1. Older age, male sex, African American race and non-private insurance are risk factors for margin positivity following rectal cancer resection. Advanced AJCC (American Joint Committee on Cancer) stage, signet or mucinous histology and high grade were tumor characteristics associated with positive margins.
2. Hospitals with a higher observed to expected margin positivity ratio or “high outliers” had a lower rate of preoperative radiation, lower hospital volume, were more likely to be community rather than academic institutions. The opposite factors were in effect for “low outliers,” but both high-volume and academic hospitals were included in the “high outlier” group.
Evidence Rating Level: 2 (Good)
Study Rundown: Long-term rectal cancer outcomes including overall survival depend significantly on resection margin status. This study identified a number of patient-, tumor- and hospital-related characteristics that are associated with a higher risk of margin positivity after rectal cancer resection. Additionally it created a nomogram using the observed vs. expected margin outcome rate ratio that can be utilized by hospitals to assess their performance adjusting for its patient population. Although a vast number of patients and hospitals were analyzed, this study is limited by its use of the National Cancer Data Base. It is unclear what variables are present at the excluded hospitals and it is likely that this self-selected sample created bias. Additionally, surgeon and healthcare team characteristics were not evaluated and possible regional differences were not assessed.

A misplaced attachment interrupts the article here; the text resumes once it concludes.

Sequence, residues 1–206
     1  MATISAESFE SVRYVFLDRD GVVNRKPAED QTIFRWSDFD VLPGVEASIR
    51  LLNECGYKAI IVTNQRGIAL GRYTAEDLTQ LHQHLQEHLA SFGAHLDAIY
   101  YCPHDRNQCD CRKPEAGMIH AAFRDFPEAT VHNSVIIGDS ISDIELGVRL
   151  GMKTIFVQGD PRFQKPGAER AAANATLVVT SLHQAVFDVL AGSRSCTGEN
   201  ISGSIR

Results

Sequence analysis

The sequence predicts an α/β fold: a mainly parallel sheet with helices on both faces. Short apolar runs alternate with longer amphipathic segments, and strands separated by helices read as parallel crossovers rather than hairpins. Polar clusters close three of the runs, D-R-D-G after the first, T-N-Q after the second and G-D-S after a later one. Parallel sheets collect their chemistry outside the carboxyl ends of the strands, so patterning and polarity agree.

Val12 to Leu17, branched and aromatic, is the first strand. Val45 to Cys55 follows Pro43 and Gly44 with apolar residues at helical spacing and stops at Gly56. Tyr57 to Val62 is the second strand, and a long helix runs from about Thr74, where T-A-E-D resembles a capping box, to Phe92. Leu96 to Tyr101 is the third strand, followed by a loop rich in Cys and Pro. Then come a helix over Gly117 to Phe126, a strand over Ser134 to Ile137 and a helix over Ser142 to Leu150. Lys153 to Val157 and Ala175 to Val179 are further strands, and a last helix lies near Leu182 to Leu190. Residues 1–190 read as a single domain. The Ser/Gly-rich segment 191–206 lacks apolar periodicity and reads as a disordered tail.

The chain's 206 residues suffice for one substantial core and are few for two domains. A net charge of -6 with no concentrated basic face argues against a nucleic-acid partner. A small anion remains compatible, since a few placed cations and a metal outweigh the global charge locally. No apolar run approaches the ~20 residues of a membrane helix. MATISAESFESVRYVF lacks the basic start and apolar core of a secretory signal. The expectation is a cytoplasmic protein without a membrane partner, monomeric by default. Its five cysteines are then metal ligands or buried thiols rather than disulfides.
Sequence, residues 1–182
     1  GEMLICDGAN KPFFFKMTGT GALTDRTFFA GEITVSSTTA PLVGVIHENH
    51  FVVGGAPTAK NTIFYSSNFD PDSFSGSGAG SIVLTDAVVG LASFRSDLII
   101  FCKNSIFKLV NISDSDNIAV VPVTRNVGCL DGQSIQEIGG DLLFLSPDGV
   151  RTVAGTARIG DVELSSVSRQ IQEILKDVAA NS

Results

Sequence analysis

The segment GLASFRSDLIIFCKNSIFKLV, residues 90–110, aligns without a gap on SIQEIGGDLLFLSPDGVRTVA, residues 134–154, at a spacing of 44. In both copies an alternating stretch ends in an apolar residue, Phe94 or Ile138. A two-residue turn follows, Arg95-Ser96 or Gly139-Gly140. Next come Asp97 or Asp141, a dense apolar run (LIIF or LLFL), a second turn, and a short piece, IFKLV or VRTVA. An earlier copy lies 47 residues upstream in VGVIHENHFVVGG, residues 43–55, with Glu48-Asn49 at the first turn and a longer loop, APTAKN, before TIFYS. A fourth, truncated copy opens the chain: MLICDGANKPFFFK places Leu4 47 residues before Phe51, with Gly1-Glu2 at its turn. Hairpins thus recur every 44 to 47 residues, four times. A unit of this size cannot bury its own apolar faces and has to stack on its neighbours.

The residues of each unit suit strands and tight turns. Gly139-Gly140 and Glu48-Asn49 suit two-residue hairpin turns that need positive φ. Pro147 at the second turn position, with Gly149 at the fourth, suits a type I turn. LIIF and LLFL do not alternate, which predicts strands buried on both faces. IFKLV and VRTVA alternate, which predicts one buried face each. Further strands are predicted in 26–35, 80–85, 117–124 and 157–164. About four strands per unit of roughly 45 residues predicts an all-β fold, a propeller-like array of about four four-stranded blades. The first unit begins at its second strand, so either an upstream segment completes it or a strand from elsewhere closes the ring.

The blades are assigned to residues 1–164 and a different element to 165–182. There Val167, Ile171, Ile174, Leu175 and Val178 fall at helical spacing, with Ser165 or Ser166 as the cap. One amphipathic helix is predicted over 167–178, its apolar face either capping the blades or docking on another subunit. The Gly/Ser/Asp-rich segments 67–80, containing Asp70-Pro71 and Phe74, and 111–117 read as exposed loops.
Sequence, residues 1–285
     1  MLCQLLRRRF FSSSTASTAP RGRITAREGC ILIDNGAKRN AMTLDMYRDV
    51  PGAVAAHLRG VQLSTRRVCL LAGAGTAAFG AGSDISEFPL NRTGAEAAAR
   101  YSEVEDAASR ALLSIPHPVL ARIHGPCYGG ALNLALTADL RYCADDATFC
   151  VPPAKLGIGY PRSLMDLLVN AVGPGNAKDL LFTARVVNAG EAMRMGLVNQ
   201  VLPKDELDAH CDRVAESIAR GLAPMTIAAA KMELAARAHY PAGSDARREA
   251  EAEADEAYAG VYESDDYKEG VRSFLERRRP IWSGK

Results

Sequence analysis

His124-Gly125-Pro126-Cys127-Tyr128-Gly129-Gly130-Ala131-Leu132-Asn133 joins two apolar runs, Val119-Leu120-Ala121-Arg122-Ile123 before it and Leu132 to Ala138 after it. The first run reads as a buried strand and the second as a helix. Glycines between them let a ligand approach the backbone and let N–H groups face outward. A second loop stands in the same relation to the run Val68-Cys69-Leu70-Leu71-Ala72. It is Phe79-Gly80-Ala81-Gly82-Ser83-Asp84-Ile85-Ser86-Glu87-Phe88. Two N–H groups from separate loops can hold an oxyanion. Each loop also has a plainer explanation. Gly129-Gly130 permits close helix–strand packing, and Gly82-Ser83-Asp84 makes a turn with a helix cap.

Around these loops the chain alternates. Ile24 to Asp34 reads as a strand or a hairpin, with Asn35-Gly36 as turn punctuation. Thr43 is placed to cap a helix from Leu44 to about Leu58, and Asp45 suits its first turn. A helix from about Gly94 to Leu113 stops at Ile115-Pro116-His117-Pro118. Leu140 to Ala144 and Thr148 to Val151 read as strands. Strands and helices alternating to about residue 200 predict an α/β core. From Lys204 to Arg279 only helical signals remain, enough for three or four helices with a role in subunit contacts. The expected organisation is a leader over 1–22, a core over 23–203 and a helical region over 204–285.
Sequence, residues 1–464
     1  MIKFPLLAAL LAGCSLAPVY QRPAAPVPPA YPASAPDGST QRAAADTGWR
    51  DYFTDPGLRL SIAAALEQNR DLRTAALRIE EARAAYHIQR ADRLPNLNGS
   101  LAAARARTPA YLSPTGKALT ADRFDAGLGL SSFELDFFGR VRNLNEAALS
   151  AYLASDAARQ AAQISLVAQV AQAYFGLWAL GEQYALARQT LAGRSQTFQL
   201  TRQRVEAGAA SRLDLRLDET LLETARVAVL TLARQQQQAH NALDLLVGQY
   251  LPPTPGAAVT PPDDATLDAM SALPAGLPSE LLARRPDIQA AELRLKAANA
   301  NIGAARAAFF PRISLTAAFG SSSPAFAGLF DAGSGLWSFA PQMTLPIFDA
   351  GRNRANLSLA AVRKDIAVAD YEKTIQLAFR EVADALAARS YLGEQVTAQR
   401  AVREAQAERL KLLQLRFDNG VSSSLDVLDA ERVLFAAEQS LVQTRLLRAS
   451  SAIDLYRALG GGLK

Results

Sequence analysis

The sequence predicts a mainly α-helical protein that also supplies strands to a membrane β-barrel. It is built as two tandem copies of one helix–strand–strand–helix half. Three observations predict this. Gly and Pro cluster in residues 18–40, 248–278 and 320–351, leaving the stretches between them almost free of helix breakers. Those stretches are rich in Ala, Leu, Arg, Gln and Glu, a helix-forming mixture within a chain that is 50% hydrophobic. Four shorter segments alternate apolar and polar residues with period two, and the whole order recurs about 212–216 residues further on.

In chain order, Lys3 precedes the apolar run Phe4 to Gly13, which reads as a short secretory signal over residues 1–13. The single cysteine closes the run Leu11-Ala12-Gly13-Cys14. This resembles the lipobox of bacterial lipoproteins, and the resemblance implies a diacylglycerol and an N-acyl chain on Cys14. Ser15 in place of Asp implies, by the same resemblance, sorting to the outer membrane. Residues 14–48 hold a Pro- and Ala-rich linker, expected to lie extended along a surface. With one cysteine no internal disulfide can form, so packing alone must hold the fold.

Relevant Reading: Management of early rectal cancer
In-Depth [cohort study]: Data from eighty thousand rectal cancer patients who underwent surgery at over one thousand hospitals was analyzed using the National Cancer Data Base. The major outcome of interest was the rate of margin positivity after rectal cancer resection in each individual hospital when controlling for patient and tumor variables. Older African American men without private insurance and with recently diagnosed disease were found to have a higher risk of margin positivity. Higher AJCC stage, signet or mucinous and undifferentiated histology were tumor risk factors while tumor size was not related to margin positivity. Based on above patient and tumor characteristic distribution, an observed to expected margin positivity rate ratio was calculated for each hospital and compared to statistical probability that the observed rate was equal to the expected rate. The percentages of each hospital type with a low ratio (much less margin positivity than expected) were as follows: 9% were community cancer-specific programs, 47% were general community hospitals and 43.9% were academic institutions. High-ratio hospitals or those with much higher rates of margin positivity than predicted were broken down as follows: 29.9% were community cancer-specific programs, 52.3% were general community hospitals and 17.8% were academic institutions. Low observed to expected ratio was seen in more high-volume hospitals, but 17.8% of hospitals with a high ratio were high-volume as well. In regards to treatment, the order of surgery and radiation was important. Additionally, patients at a hospital with a lower (better) ratio were more likely to receive radiation prior to surgery.
By Asya Ofshteyn and Allen Ho
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